La Jolla artist’s retrospective provides quiet moments at Halloween Bash


The pre-Halloween “Art After Dark” event at Oceanside Museum of Art on Oct. 28 was full of eye-popping surprises. For starters, there was a 30-foot airplane parked outside, courtesy of artist Dustin Otterbach. Inside, mixing with hundreds of costumed guests and nonstop DJ music, there were burlesque and flash-mob dancers, trapeze artists, and “Beauties Beasts,” a pop-up sideshow of pinup paintings by Olivia De Berardinis and sculpted monsters by Jordu Schell.

For quieter contemplation, and a complete change of pace, there was also “The Art of Russell Forester” (1920-2002) — architect, painter, sculptor and longtime La Jollan.

Born in Idaho, Forester lived in La Jolla from the age of five. His mother was a librarian at Scripps Institution of Oceanography, and he started out as a draftsman for noted modernist Lloyd Ruocco, designing barges and depots during WW II. He and his first wife, Eleanor, met while working for Ruocco; his first office as an architect was at 633 Pearl Street, and his commissions included homes for prominent La Jollans like Danah Fayman and Jacob and Rita Bronowski, as well as the first Jack in the Box restaurant for Bob Peterson.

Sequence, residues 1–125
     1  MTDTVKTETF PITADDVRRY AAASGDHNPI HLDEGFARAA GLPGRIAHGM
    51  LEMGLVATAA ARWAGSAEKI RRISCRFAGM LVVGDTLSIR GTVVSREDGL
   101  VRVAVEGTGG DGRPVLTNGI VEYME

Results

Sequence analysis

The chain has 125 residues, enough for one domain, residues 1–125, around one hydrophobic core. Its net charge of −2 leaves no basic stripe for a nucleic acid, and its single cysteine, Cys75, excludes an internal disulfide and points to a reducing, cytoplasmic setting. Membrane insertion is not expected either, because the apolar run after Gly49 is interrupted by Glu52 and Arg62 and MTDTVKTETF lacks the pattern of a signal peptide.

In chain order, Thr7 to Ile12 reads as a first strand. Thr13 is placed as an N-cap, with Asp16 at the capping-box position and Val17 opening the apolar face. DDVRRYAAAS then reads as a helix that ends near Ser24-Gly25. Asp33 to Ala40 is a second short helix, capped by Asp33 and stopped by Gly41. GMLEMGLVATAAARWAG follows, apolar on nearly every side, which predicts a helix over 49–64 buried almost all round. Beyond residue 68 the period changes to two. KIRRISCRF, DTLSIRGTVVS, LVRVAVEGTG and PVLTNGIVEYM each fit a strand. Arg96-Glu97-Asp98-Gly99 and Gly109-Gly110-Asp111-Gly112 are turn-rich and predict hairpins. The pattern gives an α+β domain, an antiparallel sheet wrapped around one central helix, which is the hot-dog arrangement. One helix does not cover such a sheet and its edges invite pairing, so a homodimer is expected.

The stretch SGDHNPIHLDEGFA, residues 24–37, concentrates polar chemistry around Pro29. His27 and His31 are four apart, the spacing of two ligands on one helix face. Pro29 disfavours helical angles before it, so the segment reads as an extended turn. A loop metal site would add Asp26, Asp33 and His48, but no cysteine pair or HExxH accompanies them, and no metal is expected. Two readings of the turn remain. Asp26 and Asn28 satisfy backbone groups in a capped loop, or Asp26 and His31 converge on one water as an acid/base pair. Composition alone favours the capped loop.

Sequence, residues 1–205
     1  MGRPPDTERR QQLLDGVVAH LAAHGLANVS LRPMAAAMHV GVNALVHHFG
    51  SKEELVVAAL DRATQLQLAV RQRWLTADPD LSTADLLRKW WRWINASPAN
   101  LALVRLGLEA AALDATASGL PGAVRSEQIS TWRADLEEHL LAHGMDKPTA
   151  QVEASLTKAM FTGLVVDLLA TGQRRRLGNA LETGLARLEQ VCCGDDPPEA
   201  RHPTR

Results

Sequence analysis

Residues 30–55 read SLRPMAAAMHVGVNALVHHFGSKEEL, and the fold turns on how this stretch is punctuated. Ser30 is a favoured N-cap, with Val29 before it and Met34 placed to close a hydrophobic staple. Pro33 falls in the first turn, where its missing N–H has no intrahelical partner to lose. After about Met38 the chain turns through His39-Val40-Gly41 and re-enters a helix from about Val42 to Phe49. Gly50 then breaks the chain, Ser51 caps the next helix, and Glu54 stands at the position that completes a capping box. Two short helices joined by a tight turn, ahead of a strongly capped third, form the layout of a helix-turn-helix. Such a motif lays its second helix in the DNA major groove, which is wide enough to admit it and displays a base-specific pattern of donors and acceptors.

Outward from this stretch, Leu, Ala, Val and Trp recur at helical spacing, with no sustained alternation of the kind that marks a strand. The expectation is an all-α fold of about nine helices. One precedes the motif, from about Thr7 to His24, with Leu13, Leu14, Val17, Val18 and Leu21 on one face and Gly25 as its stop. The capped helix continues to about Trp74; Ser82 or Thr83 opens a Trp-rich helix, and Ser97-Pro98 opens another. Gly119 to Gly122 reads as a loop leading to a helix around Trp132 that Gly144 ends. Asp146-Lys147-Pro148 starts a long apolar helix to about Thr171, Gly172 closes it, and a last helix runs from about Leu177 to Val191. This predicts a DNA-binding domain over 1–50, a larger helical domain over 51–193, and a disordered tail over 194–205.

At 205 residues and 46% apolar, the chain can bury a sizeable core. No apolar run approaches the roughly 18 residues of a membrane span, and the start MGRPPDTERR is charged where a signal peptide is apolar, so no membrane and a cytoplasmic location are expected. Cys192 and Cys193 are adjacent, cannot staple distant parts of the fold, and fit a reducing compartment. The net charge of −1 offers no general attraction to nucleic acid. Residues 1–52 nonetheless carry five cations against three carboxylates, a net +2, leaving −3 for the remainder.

In his 50s, divorced and remarried, he gave up architecture and devoted himself to a full-time career as an artist, leaving his firm in the hands of his second wife, and fellow architect, Christine. Many of the works in “The Art of Russell Forester” have never been exhibited before.

Christine Forester, subject of a La Jolla Light “10 Questions” column in 2008, went on to start her own branding/marketing company, and has been a valued member of local museum boards. She currently serves on President Obama’s Committee on Arts and Humanities.

IF YOU GO: “Space, Structure, Light: The Art Of Russell Forester,” is on view at Oceanside Museum of Art through Feb. 5 at 704 Pier View Way, Oceanside. Also see portraits of La Jolla art doyenne Ellen Phelan and her late husband, Jim, along with Ellen’s art notes, in the Marjorie Nodelman exhibit, on view through Jan. 8. Hours are 10 a.m. to 4 p.m. Tuesday-Saturday and 1-4 p.m. Sunday. Admission: $5-$8. Free entry first Sundays. (760) 435-3720.